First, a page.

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New report reveals scale of deepening poverty for people seeking asylum in Wales

08 Jan 2024 4 minute read
Pro-refugee protest. Picture by Haeferl (CC BY-SA 3.0).

Asylum Matters has published a new report which reveals the devastating impact of living on asylum support and the effect of the rising cost of living.

‘Surviving in Poverty: A report documenting life on asylum support’ contains the results of a survey of over 300 people seeking asylum in Wales and across the UK which shows how they face a continuous struggle to meet their most fundamental needs. This includes being unable to afford food, clothes, toiletries and public transport.

Immigration is the responsibility of the UK Government but asylum seekers and refugees who come to Wales receive public services and support provided by the Welsh Government, local authorities and other organisations.

Deepening poverty

The report comes as cuts to asylum support rates come into effect for many sanctuary seekers in Wales on Monday 8 January – with those living in hotels having their allowance cut from £9.58 a week to £8.86 a week, further exacerbating the deepening of poverty demonstrated within the report.

Deprived of the right to work, the report shows that the rising cost of living has pushed people seeking asylum further into poverty. Compared to a similar survey we did in 2020, people are facing even tougher decisions on whether they can afford the basic essentials.

The key findings from the report include:

  • 91% don’t always have enough money to buy food
  • 75% can’t always afford the medicines they need
  • 85% struggle to afford the cleaning products they need
  • 97% experience difficulties affording the clothes they need
  • 65% face challenges affording the toiletries they need
  • 95% can’t always afford to travel where they need to by public transport
  • 88% don’t always have the data and phone credit they need
  • 83% say asylum support payments aren’t enough to cover the rise in the cost of living.

People who answered the survey said:

“My weekly allowance is barely enough to get me food for the week, so when it is time to buy toiletries, my food reduces.”

“My baby is growing up very fast and the clothes are too small.”

“Staying in a period of five years in that condition creates a huge impact on your mental and emotional health. You see yourself as a parasite and a prisoner.”

This situation and the harsh reality of trying to live on asylum support underscores an urgent need to reform asylum support and the asylum system, including the right to work. We want people to have the chance to rebuild their lives in the UK.


Asylum Matters has made a number of demands which are: that the Home Office must increase rates of asylum support to allow individuals and families to meet their essential living needs; the Home Office must ensure that the methodology for setting asylum support rates is fit for purpose and should reflect the real-life experiences of people seeking asylum; that people seeking asylum should have the right to work after six months of waiting for a decision on their asylum claim, unconstrained by the Shortage Occupation List.

According to the organisation, free bus travel should be made available for people seeking asylum on a UK-wide basis, as is currently the case in Scotland.

Emma Birks, from Asylum Matters, said: “The stark reality is that the low level of support means people seeking asylum are trapped in a never-ending state of financial uncertainty. In our report, people told us how they have to make agonising choices, where one essential need must be sacrificed for another. We’re calling on the government to increase rates of asylum support to allow people and their families to meet their essential living needs.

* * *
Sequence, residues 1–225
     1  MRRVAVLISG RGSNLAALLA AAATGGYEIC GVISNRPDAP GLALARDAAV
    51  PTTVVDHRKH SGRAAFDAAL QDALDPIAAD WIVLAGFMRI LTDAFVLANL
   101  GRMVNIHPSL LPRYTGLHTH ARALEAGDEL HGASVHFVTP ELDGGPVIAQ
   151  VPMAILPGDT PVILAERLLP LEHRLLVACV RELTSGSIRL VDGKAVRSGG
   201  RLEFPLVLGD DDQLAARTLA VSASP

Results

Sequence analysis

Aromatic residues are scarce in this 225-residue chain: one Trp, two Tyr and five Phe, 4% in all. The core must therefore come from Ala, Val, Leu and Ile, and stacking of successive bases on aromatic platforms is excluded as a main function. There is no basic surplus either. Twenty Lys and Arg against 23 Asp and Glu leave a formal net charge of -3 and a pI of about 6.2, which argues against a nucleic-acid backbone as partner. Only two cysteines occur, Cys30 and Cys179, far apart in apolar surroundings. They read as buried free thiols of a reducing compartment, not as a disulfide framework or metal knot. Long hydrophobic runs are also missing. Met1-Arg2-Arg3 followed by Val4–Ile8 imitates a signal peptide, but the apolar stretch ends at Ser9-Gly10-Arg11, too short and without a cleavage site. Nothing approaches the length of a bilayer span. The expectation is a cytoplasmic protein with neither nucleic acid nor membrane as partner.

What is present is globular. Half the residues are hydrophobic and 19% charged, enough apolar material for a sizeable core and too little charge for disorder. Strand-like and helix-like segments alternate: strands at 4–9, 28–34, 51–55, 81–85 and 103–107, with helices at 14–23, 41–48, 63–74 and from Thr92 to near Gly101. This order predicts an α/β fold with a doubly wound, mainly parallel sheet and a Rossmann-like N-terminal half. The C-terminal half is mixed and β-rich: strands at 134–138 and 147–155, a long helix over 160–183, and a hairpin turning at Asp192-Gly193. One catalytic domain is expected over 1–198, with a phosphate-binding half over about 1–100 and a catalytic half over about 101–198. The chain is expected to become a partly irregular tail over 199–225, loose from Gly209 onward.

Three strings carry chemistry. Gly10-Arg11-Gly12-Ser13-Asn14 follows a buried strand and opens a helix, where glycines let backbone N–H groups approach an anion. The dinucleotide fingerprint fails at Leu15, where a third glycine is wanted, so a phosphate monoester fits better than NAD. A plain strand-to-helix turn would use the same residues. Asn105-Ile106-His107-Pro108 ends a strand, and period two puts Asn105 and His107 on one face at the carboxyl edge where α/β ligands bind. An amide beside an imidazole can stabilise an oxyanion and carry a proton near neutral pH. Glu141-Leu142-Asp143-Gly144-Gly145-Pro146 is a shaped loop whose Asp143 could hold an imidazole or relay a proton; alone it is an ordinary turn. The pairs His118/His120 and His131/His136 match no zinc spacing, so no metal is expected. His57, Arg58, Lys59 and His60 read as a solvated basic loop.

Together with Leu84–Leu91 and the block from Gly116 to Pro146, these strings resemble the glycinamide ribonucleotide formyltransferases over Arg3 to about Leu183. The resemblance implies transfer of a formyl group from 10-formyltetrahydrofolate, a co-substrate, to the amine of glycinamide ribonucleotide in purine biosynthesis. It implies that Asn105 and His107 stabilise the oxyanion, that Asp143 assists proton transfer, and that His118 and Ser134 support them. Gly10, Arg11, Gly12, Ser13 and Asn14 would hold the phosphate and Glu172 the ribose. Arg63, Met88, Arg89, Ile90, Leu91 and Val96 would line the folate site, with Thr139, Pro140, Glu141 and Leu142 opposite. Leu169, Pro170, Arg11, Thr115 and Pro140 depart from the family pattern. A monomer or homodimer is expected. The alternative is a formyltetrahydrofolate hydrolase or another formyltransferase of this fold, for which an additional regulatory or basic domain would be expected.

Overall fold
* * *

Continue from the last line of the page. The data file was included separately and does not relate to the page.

The Home Office is responsible for the provision of asylum accommodation and subsistence rates whilst an asylum seeker’s  claim is being considered. The UK Government has a central role to play in the support available to people seeking sanctuary in Wales – from ensuring individuals receive timely and accessible information, to sufficient subsistence amounts for people to live and maintaining high standards of asylum accommodation.

A Welsh Government spokesperson said: “Wales is a Nation of Sanctuary with a long history of welcoming people seeking sanctuary, and we continue to value and benefit from their skills, entrepreneurial spirit and the sharing of their cultures. It’s vitally important for the future of Wales that we harness the ability of all that come to make a new life here.

“Our Nation of Sanctuary Plan sets out the actions and work being undertaken to reduce the inequalities faced by those who seek sanctuary in Wales.”


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Gareth Westacott
Gareth Westacott
6 months ago

Many Welsh people also struggle to keep a roof over their heads, to put food on the table, pay the heating bills, buy clothes, etc. Why should some ‘chancer’ who’s entered the country illegally, calling himself ‘an asylum seeker’ or ‘refugee’ (well he would, wouldn’t he?) get treated any better?

Last edited 6 months ago by Gareth Westacott
ci du
ci du
6 months ago

Well, there’s a lot to deal with in your statement and it deserves a much longer response dealing with all the subtexts and subtle arguments. But basically, all human beings deserve to be treated well, and if you think asylum seekers are chancers you should spend some time with them and listen to their stories. But I suspect you’re just a racist who enjoys seeing dead foreigners. If you’re the real Gareth Westacott I am saddened that you’re just a Welsh Nat Daily Mail Reader.

Gareth Westacott
Gareth Westacott
6 months ago
Reply to  ci du

Yes, I am the the real me. Now, answer me this …. who is the real you, seeing that ‘ci du’ isn’t your ‘real’ name?

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